Prevention and disease management programs are some of the best ways to help keep health care costs low. According to the American Lung Association , about 7.1 million children under the age of 18 were affected by asthma in 2009. The health care cost of the chronic disease is about $50.1 billion annually. Furthermore, asthma is the leading cause of school absences and the third-leading cause of hospitalizations in children under age 15. Health insurance providers are finding that asthma education tools go a long way toward reducing the prevalence of asthma-related emergency room visits, asthma episodes and hospitalizations.
Health Plans for Asthma Condition Management
The U.S. Environmental Protection Agency encourages health insurance providers with established asthma condition management programs to implement home visit programs. Along with medical treatment and the management of environmental triggers in the home, the implementation of a home visit program can help teach skills about asthma condition management, thus reducing health care costs for health plans and enrollees.
The following are the steps the EPA suggests to help health plan providers get started with the development of a home visit program:
1. Identify the benefits of a home visit program as part of a traditional asthma condition management plan. By going into a home and helping identify asthma risk factors and triggers like pests, dust mites, secondhand smoke, pets and molds, enrollees will experience medical benefits as well as financial and economic benefits. Health plans will also experience financial and economic benefits, plus they’ll gain competitive advantages.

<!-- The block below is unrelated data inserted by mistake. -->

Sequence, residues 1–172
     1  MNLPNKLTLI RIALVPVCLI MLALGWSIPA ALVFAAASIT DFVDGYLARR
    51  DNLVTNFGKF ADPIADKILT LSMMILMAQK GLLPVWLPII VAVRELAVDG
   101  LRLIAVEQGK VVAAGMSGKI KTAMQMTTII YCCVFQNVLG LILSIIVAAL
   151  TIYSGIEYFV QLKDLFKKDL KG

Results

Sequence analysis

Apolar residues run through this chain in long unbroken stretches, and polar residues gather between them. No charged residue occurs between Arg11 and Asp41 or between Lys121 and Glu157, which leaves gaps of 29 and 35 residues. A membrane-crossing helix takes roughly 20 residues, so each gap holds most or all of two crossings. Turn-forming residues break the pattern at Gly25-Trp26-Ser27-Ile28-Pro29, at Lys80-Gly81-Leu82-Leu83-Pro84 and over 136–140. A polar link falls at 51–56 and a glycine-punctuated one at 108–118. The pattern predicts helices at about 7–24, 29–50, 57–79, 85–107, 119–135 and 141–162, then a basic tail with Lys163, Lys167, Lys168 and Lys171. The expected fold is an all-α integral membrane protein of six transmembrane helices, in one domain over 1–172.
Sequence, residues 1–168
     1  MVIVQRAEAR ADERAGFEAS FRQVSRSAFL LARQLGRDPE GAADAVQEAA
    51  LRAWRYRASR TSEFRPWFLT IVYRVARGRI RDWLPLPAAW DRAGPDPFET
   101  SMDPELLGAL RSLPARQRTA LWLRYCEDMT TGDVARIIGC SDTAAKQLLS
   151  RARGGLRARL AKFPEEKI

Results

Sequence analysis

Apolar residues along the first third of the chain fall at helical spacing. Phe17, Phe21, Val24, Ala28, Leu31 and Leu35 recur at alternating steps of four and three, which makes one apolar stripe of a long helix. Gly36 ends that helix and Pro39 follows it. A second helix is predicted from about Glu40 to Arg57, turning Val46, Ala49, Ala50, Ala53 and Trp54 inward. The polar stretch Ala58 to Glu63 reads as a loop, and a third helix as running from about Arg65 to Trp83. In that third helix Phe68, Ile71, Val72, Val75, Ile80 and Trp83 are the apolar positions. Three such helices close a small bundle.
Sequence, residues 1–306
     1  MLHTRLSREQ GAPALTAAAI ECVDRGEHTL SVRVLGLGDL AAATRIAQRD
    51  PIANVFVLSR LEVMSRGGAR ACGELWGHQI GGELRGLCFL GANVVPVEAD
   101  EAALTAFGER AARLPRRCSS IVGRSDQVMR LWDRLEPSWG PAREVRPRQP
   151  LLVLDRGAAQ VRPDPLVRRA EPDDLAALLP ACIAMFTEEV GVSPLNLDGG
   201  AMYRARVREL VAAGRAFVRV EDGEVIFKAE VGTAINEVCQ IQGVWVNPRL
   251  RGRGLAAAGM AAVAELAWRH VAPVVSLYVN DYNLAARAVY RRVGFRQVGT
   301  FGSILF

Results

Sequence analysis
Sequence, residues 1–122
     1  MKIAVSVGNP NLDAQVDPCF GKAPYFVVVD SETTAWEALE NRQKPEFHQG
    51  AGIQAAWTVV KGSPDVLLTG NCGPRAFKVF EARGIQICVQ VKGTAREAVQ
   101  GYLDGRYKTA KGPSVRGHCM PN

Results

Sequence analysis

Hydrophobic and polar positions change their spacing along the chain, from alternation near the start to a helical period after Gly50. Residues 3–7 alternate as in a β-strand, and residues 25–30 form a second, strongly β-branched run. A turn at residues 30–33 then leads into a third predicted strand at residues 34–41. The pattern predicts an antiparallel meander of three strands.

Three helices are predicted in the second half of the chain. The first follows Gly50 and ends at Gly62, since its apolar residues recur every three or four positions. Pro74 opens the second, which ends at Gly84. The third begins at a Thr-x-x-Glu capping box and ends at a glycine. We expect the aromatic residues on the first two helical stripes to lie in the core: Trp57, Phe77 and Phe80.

2. Get leadership buy-in. Talk to the executives within your health plan about the benefits of asthma education and home visit programs; estimate a budget that includes time and money; and design a pilot program.
3. Create an implementation team. Consider including the company’s asthma case manager, network physicians, analyst, the medical director and the utilization management director, among others.
4. Develop the home visit program’s structure. Define the goals of the program, its components, the number of home visits and the individuals who will conduct the home visits.
5. Decide which enrollees will be part of the program. A plan can include all of the individuals with asthma, or only those with the most severe cases.
6. Develop outreach strategies. Consider who will contact enrollees and how; the features of a good outreach program (such as multi-lingual staff and incentives); and how health care providers will learn about the program.
7. Determine what outcomes and outputs will be measured (and how). Common outcomes measured include asthma-related hospitalizations; missed days of work or school; and the percentage of enrollees using an asthma action plan.
8. Develop tools and forms, and train staff. Forms can include checklists, asthma action plan templates, intake forms and tracking forms.
9. Form partnerships with local asthma organizations. Doing so can provide the company with enrollee referral relationships as well as provide vital collaborative opportunities.
10. Begin the program, and track results. Tracking should measure the efficacy of the program, evaluate areas of improvement and identify areas that could be expanded.